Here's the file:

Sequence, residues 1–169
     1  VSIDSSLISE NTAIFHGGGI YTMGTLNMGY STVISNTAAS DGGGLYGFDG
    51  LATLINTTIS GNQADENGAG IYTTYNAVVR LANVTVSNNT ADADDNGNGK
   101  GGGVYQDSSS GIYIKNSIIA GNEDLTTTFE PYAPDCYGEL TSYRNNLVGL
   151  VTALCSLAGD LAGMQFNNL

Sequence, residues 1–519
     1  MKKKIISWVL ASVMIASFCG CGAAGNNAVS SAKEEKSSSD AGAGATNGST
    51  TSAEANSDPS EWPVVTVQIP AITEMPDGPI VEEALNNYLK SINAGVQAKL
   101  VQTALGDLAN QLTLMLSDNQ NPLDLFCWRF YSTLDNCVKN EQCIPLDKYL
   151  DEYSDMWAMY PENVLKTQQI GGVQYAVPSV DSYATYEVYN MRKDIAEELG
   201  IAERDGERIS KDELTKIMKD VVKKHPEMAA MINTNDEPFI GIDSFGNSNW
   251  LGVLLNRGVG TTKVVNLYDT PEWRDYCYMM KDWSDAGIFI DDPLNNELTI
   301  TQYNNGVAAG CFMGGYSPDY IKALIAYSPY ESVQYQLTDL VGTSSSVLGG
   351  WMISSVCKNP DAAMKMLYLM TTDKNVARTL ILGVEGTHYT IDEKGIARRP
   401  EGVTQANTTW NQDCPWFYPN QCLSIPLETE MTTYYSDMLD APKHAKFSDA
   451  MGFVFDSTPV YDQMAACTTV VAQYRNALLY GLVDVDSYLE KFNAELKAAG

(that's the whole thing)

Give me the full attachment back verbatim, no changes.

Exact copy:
Sequence, residues 1–169
     1  VSIDSSLISE NTAIFHGGGI YTMGTLNMGY STVISNTAAS DGGGLYGFDG
    51  LATLINTTIS GNQADENGAG IYTTYNAVVR LANVTVSNNT ADADDNGNGK
   101  GGGVYQDSSS GIYIKNSIIA GNEDLTTTFE PYAPDCYGEL TSYRNNLVGL
   151  VTALCSLAGD LAGMQFNNL

Sequence, residues 1–519
     1  MKKKIISWVL ASVMIASFCG CGAAGNNAVS SAKEEKSSSD AGAGATNGST
    51  TSAEANSDPS EWPVVTVQIP AITEMPDGPI VEEALNNYLK SINAGVQAKL
   101  VQTALGDLAN QLTLMLSDNQ NPLDLFCWRF YSTLDNCVKN EQCIPLDKYL
   151  DEYSDMWAMY PENVLKTQQI GGVQYAVPSV DSYATYEVYN MRKDIAEELG
   201  IAERDGERIS KDELTKIMKD VVKKHPEMAA MINTNDEPFI GIDSFGNSNW
   251  LGVLLNRGVG TTKVVNLYDT PEWRDYCYMM KDWSDAGIFI DDPLNNELTI
   301  TQYNNGVAAG CFMGGYSPDY IKALIAYSPY ESVQYQLTDL VGTSSSVLGG
   351  WMISSVCKNP DAAMKMLYLM TTDKNVARTL ILGVEGTHYT IDEKGIARRP
   401  EGVTQANTTW NQDCPWFYPN QCLSIPLETE MTTYYSDMLD APKHAKFSDA
   451  MGFVFDSTPV YDQMAACTTV VAQYRNALLY GLVDVDSYLE KFNAELKAAG